Roberts Should Come Clean on Religious Views

John Roberts should come clean on his religious views on abortion. This country has seen enough double standards and heard enough of the Orwellian double-speak. Conservatives are the ones who have thrust religion into the the forefront of political issues and debate. They can’t have it both ways. E.J. Dionne makes a good case for Roberts coming clean in his WaPo column today

It’s also disingenuous for Republicans who have profited from the rise of issues related to religion and “moral values” to discover a sudden squeamishness about even mentioning them. Recall John Kerry’s battle during the 2004 campaign with conservative bishops who proposed to deny him Communion because of his stand on abortion rights. If there was a mass movement of Republican politicians insisting that Kerry’s religion should not be part of the public debate, I must have missed it.

Former New York governor Mario Cuomo is, like Kerry, a Catholic Democrat who has tangled with his church’s leaders on the politics of abortion. Cuomo wondered during a recent phone conversation how those bishops who tormented Kerry would react if Roberts said that his religious views would not affect his rulings on abortion cases. To defend such a stance by Roberts, Cuomo said, “the bishops who went after Kerry would have to say that it’s different for a judge, but that would be very hard to explain.” Indeed.

But if religion is to play a serious role in politics, believers have to accept the obligation to explain themselves publicly. That’s why it would be helpful if Roberts gave an account of how (and whether) his religious convictions would affect his decisions as a justice. President Bush has spoken about the political implications of his faith. His nominee should not be afraid to do the same.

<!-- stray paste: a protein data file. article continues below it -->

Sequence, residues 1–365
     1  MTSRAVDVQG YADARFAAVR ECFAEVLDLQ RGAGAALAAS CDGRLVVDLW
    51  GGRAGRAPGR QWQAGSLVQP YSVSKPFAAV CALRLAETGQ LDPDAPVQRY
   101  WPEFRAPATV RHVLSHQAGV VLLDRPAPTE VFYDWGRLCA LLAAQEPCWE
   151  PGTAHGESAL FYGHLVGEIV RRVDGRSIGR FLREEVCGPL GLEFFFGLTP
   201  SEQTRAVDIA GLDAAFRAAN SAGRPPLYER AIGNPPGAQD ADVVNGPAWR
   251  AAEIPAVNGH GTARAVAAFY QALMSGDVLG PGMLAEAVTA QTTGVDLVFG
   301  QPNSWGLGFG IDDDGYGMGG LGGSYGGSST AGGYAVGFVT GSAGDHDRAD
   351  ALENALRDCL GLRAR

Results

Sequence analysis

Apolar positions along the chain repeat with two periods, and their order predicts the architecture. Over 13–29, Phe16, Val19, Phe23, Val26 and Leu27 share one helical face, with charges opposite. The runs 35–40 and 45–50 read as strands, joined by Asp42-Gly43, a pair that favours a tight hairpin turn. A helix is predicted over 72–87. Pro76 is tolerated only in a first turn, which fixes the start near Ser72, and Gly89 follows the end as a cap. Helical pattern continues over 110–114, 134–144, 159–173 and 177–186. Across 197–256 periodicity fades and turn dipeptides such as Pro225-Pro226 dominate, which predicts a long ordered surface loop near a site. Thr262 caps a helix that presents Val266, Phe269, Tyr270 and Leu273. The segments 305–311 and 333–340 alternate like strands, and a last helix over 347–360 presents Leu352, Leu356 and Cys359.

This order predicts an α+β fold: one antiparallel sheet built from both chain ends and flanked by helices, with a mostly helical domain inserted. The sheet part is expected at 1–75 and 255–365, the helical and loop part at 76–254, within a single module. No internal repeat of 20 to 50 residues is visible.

There is a great concern by women that the right to choice could easily be overturned by a vote from Roberts. On this merit, the American public has a right to know Roberts religious convictions.

Update: During a a round-table interview with reporters from five Texas newspapers, Bush “said he did not ask Supreme Court nominee John Roberts about his views on Roe v. Wade, the 1973 decision that legalized abortion.”

The primary topic of the interview was whether “schools should discuss “intelligent design” alongside evolution when teaching students about the creation of life.” Here we go… does Bush understand the meaning of separation of church and state?

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About Pamela Leavey

Pamela Leavey is the Editor in Chief, Owner/Publisher of The Democratic Daily as well as a freelance writer and photographer. Pamela holds a certificate in Contemporary Communications from UMass Lowell, a Journalism Certificate from UMass Amherst and a B.A. in Creative Writing and Digital Age Communications from UMass Amherst UWW.
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13 Responses to Roberts Should Come Clean on Religious Views

  1. Fritz says:

    EJ is wrong. I dare Democrats to open this religious test. Roberts, “There is an overriding requirement of my faith to adhere to the duly elected laws of a democracy. Catholicism requires me to act truthfully in the bounds of the law, even when those laws conflict with my faith. I find it a sad day in our history that the religious faith of a nominee is questioned by a tribunal in a society that prides itself for its’ religious Liberty”.